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For more than a year, Trump has been talking about ridding the country of illegal immigrants – especially those who have committed violent crimes and even murder of innocent Americans. During his speech last night, he called to the stage a half dozen or so people who lost their children or other relatives to the violent acts of illegal immigrants.
His declarations and proposals overshadowed the more reasonable policy prescriptions of many of his GOP primary rivals, including former Florida governor Jeb Bush, former Sen. Marco Rubio (now running again for Senate) and even arch-conservative Sen. Ted Cruz of Texas. Immigration reform became Trump’s signature issue, and he rode it to victory across the country and all the way to the GOP national convention in Cleveland this summer.
That hard-edged served Trump well during the primaries, especially in border states such as Arizona and Texas, as well as throughout the South and Midwest. But his scorched earth approach to immigration became problematic as a strategy in the general election campaign, as both parties attempt to cast as wide a net as possible.
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In 2013, Republican National Committee chair Reince Priebus produced a 100-page autopsy of what went wrong for the GOP in the 2012 election when President Obama soundly defeated Republican nominee Mitt Romney. The problem, he concluded, was that the number of white voters in the party was shrinking and that it was unlikely the Republicans could win another election without substantially more support from Hispanics and blacks.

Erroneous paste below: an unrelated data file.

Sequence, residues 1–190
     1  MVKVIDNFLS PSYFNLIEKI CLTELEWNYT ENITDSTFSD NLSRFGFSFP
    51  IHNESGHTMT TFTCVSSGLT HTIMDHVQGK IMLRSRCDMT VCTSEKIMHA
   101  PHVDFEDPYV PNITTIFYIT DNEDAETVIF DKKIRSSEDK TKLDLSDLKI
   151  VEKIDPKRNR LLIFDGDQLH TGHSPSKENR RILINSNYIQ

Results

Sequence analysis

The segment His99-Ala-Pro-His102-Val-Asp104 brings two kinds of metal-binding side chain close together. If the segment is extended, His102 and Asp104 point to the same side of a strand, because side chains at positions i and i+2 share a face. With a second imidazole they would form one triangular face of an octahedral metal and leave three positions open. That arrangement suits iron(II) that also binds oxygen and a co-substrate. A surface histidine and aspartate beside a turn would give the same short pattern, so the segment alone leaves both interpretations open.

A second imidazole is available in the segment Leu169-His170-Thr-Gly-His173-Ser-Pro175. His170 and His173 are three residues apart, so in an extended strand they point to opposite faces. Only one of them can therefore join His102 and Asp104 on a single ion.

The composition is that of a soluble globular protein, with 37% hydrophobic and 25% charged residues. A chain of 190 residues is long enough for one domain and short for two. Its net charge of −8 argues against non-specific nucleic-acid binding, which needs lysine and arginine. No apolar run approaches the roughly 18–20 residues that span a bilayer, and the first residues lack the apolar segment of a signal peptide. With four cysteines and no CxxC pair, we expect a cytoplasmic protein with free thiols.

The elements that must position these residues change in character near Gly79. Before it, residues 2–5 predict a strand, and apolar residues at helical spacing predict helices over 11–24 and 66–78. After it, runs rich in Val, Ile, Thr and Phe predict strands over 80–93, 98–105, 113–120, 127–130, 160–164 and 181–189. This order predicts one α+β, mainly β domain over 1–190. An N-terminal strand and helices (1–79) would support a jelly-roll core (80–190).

By far, George W. Bush had the best showing among Hispanics in 2004 when he won 44 percent of the Latino vote on his way to a reelection victory. In 2012, Romney, the former Massachusetts governor, won just 27 percent of Hispanics in his losing bid against Obama.
A recent survey by the Pew Research Center shows that in a two-way race against Clinton, just 24 percent of Hispanic registered voters would support Trump. And Trump has done worse in other similar surveys.
Even if Trump were able to match Bush’s showing among Latinos, it wouldn’t be enough to win the popular vote and carry the election in light of fast-changing demographics.
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What’s more, most Americans – including Republicans – strongly disagree with Trump’s heavy-handed approach to immigration reform. A new Fox News poll shows that when voters are presented with a choice, they favor the creation of a system for illegal immigrants working in the U.S. to become legal residents instead of deporting them – by a whopping margin of 77 percent to 19 percent.
That same poll shows that those who support a path to legalization favor Clinton over Trump by 18 percentage points. Clinton led Trump narrowly, by two points, in the overall contest.
Finally, Politico is reporting that several of Trumps most prominent Hispanic surrogates say they are reconsidering their support in the wake of the Phoenix speech, while Jacob Monty, a member of Trump’s National Hispanic Advisory Council, has resigned.
‘I was a strong supporter of Donald Trump when I believed he was going to address the immigration problem realistically and compassionately,’ said Monty, a Houston lawyer. “What I heard today was not realistic and not compassionate.”